This woman who had worked for his family fifty years. She had cared for his mother as a baby and she had worked for his family long before his mother was born and she had known and cared for his mother as a baby and she had known and cared for the wild Grady boys who were his mother's uncles and who had all died so long ago and he stood holding his hat and he called her his abuela and he said goodbye to her in spanish and then turned and put on his hat and turned his wet face to the wind and for a moment he held out his hands as if to steady himself or as if to bless the ground there or perhaps as if to slow the world that was rushing away and seemed to care nothing for the old or the young or rich or poor or dark or pale or he or she. Nothing for their struggles, nothing for their names. Nothing for the living or the dead.
So, McCarthy doesn't care much for the conventions of standard written English. As is demonstrated in the quote above, which consists of a totally un-punctuated, 151 word sentence, and three fragments. And it is beautiful. I really appreciate McCarthy's language. The numbing quality of his long passages describing the bleakness of the landscape. The strange pacing, from slow and plodding to suddenly quick. The imagined compound words that erase the unnecessary borders between things which are really one (candleflame, for instance).
We read All the Pretty Horses for my book club, and it is the third and a half (?) book that I've read of McCarthy's. I finished reading it about two months before we met to discuss it, and I have a terrible memory, so it was difficult for me to remember all that I wanted to say about it, and the case is the same here. The book is the story of a young Texan, John Grady, who leaves home to find an adventure across the border in Mexico. He and his friend, Rawlins, eventually meet a third, the crazy, young, and potentially criminal, Blevins. The three travel together, and find something both darker, and more affecting than what they expected. A lot happens in the book, but it can feel like nothing at all is happening in the long passages as they ride across the desert. A lot about the book is traditional coming-of-age type/ loss of innocence stuff. However, Grady's innocence is not only a result of his youth, but also because he is an American, for whom the border is only an imaginary line. It is only when he crosses it, that it moves from the symbolic to the real, and he is left to face the consequences of his assumptions. If you have seen the movie, you know there is a love plot, which is much less emphasized in the book, but is there. Again, the relationship reveals more about cultural assumptions than about romance.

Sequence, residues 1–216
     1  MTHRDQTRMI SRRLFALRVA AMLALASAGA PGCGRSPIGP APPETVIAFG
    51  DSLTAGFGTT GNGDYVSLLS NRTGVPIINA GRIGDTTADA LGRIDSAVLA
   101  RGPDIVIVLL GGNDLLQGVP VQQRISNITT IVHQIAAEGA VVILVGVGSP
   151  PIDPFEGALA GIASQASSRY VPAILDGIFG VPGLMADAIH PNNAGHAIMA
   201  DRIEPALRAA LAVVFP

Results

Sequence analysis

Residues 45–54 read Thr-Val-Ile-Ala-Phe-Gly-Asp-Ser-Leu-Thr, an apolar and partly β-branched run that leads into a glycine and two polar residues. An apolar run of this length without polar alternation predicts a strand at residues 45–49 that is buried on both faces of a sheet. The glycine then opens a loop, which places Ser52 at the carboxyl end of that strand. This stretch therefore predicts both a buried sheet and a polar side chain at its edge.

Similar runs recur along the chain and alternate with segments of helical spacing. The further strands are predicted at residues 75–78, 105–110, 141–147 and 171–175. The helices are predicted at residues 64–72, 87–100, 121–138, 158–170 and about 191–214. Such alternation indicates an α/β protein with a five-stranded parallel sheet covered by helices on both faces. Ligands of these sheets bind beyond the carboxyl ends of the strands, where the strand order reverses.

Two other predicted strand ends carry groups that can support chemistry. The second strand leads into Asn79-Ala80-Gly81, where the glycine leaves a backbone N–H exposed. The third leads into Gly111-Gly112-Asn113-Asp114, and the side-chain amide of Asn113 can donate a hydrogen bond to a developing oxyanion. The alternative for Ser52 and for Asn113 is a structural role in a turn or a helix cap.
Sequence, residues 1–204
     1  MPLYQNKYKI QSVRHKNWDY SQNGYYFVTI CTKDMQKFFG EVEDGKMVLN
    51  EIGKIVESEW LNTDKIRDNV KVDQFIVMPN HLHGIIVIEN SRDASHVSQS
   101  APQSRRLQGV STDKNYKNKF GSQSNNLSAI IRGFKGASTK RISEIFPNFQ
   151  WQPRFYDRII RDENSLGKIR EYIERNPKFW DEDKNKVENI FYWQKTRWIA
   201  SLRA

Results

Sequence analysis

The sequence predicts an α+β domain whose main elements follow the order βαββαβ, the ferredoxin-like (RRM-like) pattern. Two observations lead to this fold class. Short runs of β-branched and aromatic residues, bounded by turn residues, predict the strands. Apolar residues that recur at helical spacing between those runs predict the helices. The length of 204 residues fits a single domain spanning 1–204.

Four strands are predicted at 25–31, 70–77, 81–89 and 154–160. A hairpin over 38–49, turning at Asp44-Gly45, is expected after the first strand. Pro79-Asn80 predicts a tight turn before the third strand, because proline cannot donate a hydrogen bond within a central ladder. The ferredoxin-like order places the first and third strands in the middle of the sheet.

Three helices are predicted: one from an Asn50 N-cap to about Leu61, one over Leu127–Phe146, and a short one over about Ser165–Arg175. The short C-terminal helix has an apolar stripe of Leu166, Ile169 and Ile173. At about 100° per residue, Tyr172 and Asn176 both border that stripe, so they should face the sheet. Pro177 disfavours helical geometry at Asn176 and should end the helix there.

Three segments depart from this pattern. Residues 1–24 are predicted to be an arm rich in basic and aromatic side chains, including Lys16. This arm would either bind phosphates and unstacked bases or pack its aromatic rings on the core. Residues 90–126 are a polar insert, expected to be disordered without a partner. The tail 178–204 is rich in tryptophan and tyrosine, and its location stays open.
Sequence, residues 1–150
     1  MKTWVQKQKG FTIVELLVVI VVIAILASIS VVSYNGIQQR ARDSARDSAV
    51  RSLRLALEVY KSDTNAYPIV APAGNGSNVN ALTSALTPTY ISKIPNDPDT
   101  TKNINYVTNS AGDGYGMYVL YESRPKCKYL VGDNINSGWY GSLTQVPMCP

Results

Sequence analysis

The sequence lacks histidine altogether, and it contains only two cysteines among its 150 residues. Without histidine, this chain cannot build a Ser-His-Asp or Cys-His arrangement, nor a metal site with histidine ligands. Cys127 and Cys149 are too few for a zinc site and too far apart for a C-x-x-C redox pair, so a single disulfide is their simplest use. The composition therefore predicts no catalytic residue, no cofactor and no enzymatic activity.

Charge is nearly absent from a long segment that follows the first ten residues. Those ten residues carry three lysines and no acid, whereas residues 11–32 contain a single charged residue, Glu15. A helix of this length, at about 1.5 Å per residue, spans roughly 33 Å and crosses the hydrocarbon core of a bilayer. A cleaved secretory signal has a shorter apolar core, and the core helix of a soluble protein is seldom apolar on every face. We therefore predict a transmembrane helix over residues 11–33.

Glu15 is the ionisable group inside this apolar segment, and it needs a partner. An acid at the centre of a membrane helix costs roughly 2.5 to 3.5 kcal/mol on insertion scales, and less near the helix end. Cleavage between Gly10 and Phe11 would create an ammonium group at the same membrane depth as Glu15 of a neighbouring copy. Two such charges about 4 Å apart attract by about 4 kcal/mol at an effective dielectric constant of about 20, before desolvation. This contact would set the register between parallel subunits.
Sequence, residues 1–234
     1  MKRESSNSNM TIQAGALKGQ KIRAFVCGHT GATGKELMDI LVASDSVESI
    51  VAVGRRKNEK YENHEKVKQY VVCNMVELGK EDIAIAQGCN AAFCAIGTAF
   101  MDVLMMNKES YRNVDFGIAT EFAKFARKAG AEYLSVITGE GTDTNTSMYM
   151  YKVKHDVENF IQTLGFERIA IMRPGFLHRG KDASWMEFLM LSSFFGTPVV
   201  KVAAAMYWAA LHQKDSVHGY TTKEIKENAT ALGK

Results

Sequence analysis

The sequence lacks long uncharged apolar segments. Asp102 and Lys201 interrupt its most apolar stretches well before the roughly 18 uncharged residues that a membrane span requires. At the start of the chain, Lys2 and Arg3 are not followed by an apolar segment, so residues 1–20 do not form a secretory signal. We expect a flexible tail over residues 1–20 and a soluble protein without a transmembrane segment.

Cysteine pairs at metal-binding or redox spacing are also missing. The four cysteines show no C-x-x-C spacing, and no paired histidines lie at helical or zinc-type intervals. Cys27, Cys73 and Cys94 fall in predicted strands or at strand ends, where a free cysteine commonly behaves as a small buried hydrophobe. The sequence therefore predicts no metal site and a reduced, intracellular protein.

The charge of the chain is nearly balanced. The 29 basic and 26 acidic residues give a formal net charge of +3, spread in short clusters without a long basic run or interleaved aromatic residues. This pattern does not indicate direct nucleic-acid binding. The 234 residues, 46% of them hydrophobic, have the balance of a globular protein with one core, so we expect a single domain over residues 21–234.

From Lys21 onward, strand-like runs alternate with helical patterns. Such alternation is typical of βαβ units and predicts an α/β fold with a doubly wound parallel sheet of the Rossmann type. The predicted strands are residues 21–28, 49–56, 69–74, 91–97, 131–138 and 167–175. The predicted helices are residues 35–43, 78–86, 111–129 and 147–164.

This wasn't my favorite McCarthy, nor will it be among my favorites of the year. However, I do really appreciate the layers of meaning in the novel, which only appear as you, the reader, begin to peel them away. We discussed in my book club, the deceptive simplicity of the prose, comparing the writing to Hemingway. I think that McCarthy could always benefit from a reread, and I am planning on giving one of those to Blood Meridian soon.
Title: All The Pretty HorsesAuthor: Cormac McCarthy
Publisher: Alfred A. Knopf
Genre: Literary Fiction, Western
Where I got it: Bought it
Challenges: Mount TBR